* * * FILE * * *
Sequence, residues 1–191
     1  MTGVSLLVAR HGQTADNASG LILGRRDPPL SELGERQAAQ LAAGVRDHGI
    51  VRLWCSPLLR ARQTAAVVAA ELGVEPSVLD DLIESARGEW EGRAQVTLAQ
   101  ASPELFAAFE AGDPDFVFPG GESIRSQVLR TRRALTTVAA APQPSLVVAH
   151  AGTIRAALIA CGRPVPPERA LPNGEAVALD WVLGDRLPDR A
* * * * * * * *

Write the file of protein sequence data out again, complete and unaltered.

Sequence, residues 1–191
     1  MTGVSLLVAR HGQTADNASG LILGRRDPPL SELGERQAAQ LAAGVRDHGI
    51  VRLWCSPLLR ARQTAAVVAA ELGVEPSVLD DLIESARGEW EGRAQVTLAQ
   101  ASPELFAAFE AGDPDFVFPG GESIRSQVLR TRRALTTVAA APQPSLVVAH
   151  AGTIRAALIA CGRPVPPERA LPNGEAVALD WVLGDRLPDR A